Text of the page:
Energy needs and weight loss
Your body uses food for energy. It stores any excess energy as fat. This means if you eat more food than your body needs for daily activities and cell maintenance, you'll gain weight. To lose weight, you need to get your body to use up these stores of fat.
The most effective way to do this is to:
1. Reduce the amount of calories you eat
2. Increase your levels of activity.
This is why experts talk about weight loss in terms of diet and exercise.
Introduce changes gradually
Small changes can make a big difference. One extra biscuit a week can lead you to gain 5lb a year – cut that
biscuit out of your diet and you'll lose the same amount. You're also more likely to stick to, say, swapping full-fat milk for semi-skimmed or making time for breakfast each morning than a diet that sets rules for all foods. You should think of weight loss in terms of permanently changing your eating habits. While weight-loss goals are usually set in term of weeks, the end game is to sustain these changes over months and years, i.e. lifestyle change for life.
Increase your activity levels
Someone who increases the amount they exercise, but maintains the same diet and calorie intake, will almost certainly lose weight. No matter if you hate gyms – even light exercise, such as a short 20 minute walk, will be
beneficial if done most days of the week. Every single time you exercise more than usual, you burn calories and fat. There are lots of ways to increase the amount of activity you do. Team sports, racket sports, aerobics classes, running, walking, swimming and cycling will all improve your fitness levels. Find something you enjoy that's easy for you to do in terms of location and cost. You're then more likely to build it into your routine and continue to exercise, despite inevitably missing the odd session through holidays, family commitments, etc.
Get out and about at the weekend. Leave your car on the drive and walk to the shops. Try to incorporate longer walks into outings to the park, coast or countryside and take a picnic, so you're in control of what you are going to eat that day.
Every extra step you take helps. Always use the stairs instead of the lift, or get off the bus a stop before the usual one and walk the rest of the way.
Use commercial breaks between TV programmes to stand up and do exercise, or consider using an exercise bicycle in the living room while watching your favourite programme.
Reduce your calorie intake
If you're overweight, you can't continue with your current eating habits if you really want to lose weight. It's not possible to reduce body fat while eating lots of food, cakes and sweets. This doesn't mean you can never have any treats, but you need to learn how to limit these foods to small quantities – say, for special occasions.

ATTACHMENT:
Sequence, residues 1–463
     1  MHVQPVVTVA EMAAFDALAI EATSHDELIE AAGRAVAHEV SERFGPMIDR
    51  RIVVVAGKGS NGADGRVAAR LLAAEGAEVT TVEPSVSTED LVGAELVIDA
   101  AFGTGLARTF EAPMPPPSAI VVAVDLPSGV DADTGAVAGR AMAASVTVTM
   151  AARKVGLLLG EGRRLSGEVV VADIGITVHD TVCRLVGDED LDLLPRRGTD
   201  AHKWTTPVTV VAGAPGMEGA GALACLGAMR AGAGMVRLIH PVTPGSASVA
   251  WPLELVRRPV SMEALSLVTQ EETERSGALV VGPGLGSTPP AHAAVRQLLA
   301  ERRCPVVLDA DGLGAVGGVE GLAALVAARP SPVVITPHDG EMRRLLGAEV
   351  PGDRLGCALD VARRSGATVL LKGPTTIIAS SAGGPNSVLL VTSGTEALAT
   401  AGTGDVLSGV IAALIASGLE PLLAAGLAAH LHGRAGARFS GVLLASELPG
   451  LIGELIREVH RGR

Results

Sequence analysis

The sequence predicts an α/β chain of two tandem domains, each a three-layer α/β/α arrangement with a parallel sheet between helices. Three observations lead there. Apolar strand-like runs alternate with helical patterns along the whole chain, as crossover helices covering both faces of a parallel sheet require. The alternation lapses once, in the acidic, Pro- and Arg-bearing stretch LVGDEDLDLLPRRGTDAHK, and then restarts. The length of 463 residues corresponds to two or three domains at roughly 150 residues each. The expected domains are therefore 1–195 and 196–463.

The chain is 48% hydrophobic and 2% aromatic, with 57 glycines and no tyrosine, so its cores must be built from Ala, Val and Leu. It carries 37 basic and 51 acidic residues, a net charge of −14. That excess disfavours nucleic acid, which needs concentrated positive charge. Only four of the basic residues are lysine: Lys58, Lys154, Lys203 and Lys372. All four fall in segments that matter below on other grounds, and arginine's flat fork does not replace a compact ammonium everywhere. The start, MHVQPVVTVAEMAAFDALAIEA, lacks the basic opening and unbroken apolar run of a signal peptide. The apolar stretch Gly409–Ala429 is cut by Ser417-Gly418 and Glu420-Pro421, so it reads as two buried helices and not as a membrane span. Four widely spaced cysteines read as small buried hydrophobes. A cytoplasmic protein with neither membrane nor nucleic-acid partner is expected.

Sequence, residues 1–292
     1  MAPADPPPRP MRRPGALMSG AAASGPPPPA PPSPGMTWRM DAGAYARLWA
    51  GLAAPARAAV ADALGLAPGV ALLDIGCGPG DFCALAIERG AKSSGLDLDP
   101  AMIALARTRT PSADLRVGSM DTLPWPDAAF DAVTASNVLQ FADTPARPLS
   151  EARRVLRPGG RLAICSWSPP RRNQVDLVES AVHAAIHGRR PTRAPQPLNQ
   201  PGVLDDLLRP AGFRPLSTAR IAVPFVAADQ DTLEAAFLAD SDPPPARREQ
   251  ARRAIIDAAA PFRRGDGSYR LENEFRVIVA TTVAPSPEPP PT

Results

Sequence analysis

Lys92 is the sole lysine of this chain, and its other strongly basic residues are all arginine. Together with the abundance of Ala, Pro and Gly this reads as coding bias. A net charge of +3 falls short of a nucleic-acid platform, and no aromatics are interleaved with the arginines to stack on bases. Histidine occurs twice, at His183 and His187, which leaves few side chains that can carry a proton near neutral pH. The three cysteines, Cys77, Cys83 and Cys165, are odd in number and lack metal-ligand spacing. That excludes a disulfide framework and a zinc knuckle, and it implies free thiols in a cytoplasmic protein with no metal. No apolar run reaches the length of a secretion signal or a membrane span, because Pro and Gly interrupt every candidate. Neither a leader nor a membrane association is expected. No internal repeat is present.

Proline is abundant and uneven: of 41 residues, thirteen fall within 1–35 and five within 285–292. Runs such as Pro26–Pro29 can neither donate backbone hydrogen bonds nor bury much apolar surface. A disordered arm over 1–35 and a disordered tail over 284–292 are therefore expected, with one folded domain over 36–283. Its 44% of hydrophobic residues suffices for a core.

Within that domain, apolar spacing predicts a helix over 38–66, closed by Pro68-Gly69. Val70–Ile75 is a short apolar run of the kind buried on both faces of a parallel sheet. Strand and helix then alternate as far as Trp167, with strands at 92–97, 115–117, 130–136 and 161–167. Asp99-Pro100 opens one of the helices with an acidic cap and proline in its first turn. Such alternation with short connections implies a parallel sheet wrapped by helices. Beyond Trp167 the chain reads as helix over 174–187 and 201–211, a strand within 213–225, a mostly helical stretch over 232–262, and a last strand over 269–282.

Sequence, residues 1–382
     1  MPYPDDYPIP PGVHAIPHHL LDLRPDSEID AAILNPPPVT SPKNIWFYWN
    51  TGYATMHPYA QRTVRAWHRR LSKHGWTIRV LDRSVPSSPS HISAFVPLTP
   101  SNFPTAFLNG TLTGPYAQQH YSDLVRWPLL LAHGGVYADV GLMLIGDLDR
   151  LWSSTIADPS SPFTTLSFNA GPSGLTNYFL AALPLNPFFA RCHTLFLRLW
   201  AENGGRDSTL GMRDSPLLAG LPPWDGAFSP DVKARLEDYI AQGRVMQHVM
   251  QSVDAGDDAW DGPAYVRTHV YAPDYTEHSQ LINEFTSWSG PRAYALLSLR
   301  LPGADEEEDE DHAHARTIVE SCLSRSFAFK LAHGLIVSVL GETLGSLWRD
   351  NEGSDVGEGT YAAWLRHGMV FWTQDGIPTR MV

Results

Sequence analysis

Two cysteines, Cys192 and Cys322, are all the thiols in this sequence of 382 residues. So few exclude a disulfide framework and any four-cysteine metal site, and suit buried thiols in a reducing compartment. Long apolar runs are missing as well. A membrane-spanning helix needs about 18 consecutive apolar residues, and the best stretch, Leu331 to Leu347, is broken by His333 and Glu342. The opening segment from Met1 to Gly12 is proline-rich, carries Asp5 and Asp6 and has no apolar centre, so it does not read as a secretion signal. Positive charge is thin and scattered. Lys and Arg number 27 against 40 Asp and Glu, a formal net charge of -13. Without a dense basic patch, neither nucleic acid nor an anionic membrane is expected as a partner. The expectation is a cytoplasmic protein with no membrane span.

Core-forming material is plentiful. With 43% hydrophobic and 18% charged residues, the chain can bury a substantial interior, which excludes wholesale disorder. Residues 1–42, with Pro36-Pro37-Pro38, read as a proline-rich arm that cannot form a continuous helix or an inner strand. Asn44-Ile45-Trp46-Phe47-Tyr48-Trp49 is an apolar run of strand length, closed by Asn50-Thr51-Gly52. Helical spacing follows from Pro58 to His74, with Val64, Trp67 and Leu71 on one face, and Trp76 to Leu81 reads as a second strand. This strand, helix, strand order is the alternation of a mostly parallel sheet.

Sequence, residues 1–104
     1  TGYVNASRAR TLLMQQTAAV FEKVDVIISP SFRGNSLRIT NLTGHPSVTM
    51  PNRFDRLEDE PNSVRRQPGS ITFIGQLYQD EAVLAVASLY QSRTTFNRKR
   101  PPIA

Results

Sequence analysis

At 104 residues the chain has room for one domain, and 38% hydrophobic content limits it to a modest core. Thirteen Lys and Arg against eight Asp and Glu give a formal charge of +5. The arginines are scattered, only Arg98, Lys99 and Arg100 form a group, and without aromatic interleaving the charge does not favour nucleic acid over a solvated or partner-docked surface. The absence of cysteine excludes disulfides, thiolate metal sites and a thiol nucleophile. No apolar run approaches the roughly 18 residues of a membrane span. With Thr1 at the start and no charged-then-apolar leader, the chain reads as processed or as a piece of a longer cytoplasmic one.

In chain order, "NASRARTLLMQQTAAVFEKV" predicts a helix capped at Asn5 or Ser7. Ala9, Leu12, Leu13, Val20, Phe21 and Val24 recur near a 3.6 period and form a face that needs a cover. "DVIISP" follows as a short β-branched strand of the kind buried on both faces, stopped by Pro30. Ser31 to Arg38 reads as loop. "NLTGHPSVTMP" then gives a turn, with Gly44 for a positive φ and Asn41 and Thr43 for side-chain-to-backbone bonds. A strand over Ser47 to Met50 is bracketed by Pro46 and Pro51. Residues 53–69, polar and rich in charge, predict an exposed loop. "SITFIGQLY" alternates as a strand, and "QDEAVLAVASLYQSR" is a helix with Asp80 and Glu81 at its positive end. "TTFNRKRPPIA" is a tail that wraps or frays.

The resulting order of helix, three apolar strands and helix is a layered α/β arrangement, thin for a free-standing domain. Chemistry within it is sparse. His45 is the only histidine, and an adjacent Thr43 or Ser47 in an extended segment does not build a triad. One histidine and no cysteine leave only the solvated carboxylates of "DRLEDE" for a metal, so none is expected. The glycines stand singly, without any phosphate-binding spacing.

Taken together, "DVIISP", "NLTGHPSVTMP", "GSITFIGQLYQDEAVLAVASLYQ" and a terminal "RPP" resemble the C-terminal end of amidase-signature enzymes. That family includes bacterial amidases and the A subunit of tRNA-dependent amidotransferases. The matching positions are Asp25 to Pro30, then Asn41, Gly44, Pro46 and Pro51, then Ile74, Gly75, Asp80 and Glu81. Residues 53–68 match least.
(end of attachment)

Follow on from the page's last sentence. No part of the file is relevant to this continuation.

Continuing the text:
In terms of weight-loss, you can get your body to use up existing stores of fat by eating less and making healthier choices.
This doesn't mean crash diet (anything less than 1500 calories), which usually ends up with you either getting weaker or giving up in desperation. Quick-fix diets can lead to a yo-yoing effect of drastic weight loss followed by weight gain, resulting in a vicious cycle. There are no shortcuts to losing weight in a healthy and reasonable way.
Eating 300 to 500 calories less per day should lead to a loss of between one and two pounds per week. This is a realistic target. It may seem slow, but it would add up to a weight loss of more than three stone in a year. Fat contains the most amounts of calories out of all the food types (protein, carbohydrates), so a good way to achieve this is to cut down on fatty foods and eat more wholegrain bread, fruit and vegetables.
Below are ways to reduce calorie intake without having to alter your diet significantly.
1. Replace fizzy drinks and fruit cordials with water.
2. Swap whole milk for semi-skimmed, or semi-skimmed for skimmed.
3. Eat less lunch than usual. For example, make your own sandwich and limit the use of margarine or butter
and full-fat mayonnaise (store-bought sandwiches often contain both).
4. Stop taking sugar in tea and coffee.
5. Have smaller portions of the food you enjoy.
6. Avoid having a second helping at dinner.
7. Cut out unhealthy treats – such as confectionary, sugary biscuits and crisps between meals.
8. Cut down on alcohol intake.